Ms. Coronado is probably making money off her comic, and obviously has the right to pose in any way she pleases, prudish readers be damned. But the persistent hocking by the guy working her table -- he spoke in hushed tones like we were on Wall Street and his tip was about to blow -- is symptomatic. While sex is used in every medium to titillate and lure an audience, the pulp meets porn dynamic is a confusing one. Comics are, after all, the one true medium that relies solely on the imagination. What can be thought can be drawn. And yet, what good is the imagination when the comic proportions become real? Does the fantasy die?
Perhaps Court Jester has the answer: the fantasy doesn't die, it sells itself. So far as I could tell, Court Jester was a bad metal band that may or may not have come across a comic when the members were kids. One of the band members, looking like a guy who would ride in the sidecar of Al Jourgensen's motorcycle, called out to me as I walked by.
"Hey man, dig the music?" he shouted over shapeless metal.
"No. Not really," I said.
"CD's right over here, man. Only seven bucks."
He pointed to a display of CDs lined along the table. One of his lady friends bent over the albums, her breasts overhanging with all the allure of two voluptuous goiters. I kept walking.
That type of uber-pimping was rampant: women were used to sell something when it wasn't clear what was being sold, or if there was a buyer. He heard me tell him I didn't like what he was selling and I never even broke stride. Yet, he was unfazed. It becomes clear at moments like these that while comics are the wares, the medium for the message is a bursting pair of funbags. And if the medium is the message, as Marshall McLuhan says, Court Jester is now selling skin.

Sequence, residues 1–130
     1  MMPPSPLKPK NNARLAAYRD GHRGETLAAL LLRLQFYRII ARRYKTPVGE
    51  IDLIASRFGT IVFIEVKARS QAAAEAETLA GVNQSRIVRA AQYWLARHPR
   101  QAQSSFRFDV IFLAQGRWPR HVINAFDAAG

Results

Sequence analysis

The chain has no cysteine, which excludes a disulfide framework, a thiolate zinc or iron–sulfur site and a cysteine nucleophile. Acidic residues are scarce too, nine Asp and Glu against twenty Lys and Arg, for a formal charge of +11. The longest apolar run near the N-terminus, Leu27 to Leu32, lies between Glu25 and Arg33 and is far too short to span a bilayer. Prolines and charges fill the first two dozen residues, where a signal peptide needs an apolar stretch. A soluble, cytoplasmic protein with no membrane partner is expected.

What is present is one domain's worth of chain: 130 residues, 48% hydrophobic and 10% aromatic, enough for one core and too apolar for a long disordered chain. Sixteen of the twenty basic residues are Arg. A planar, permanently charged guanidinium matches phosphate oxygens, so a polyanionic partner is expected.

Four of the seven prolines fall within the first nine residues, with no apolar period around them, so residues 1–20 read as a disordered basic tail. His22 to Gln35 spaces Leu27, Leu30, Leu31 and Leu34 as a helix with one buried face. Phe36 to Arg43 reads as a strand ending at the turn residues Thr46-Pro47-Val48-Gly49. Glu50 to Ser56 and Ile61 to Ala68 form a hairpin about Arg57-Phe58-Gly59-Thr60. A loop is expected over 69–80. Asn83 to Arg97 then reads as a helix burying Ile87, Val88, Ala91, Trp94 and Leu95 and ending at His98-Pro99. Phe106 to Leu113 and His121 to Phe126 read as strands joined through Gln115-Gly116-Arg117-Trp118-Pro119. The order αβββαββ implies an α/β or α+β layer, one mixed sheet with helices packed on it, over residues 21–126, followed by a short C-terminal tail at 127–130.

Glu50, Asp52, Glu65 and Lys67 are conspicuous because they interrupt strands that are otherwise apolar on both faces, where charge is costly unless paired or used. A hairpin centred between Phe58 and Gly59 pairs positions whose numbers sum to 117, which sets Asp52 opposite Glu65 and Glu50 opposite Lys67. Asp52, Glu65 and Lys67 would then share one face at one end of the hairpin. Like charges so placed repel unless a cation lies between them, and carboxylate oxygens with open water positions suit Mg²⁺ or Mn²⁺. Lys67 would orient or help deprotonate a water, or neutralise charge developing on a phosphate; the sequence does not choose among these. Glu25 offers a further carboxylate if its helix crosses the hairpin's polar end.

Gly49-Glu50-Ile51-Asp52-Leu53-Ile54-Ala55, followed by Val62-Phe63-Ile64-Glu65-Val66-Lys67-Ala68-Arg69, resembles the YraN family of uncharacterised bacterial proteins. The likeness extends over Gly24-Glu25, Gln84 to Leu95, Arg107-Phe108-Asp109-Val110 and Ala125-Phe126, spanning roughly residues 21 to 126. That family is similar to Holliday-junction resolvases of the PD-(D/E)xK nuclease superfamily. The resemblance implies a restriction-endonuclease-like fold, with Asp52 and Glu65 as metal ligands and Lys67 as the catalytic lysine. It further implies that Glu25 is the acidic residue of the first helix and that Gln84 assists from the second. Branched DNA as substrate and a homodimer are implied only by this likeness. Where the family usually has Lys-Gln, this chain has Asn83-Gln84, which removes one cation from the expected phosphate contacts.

All the while, there were more innocent, ignored moments at the convention. The saddest sight of the day was Lou Ferrigno sitting in a corner, strumming his sausage-fingers on the table, waiting for someone to approach wanting an autograph. Here's a celebrity with legitimate funnybook cachet -- the original on-screen Hulk -- and he went disregarded for a lack of boobs. The behemoth even had to stretch a t-shirt over his weightlifter tank top; he was that cold and alone.
Lowrider Magazine drove the point home. Though not a comic, it maintained a relatively large presence at the convention. The magazine had a woman whose name, I think, had the word "ass" in it somewhere. I couldn't make out her entire name thanks to the crowd surrounding her table. Still, the silicon bounty of her black leather bustier -- like two armadillos stuffed and tanned -- rose above the throng.
The crowd definitively lingered longer at hers and the other more revealing
booths. They cast furtive glances as they pretended to be interested in
what was on the table. It's possible some bought items simply because
they felt they'd hung on too long. Though I've never been to a nudie bar,
I'd guess the discomforting way the crowd quietly ogled Miss "Ass"
is not unique. Somehow, the comic convention had traded the fantasy on
paper for the up-close-and-personal kind. No wonder the Velvet Devil felt
sick to her stomach. The comic proportions of her body were only at home
in two arenas: a strip club and a comic convention. She was probably making
a lot less money at her place of work and, in the end, there was little
difference between the two.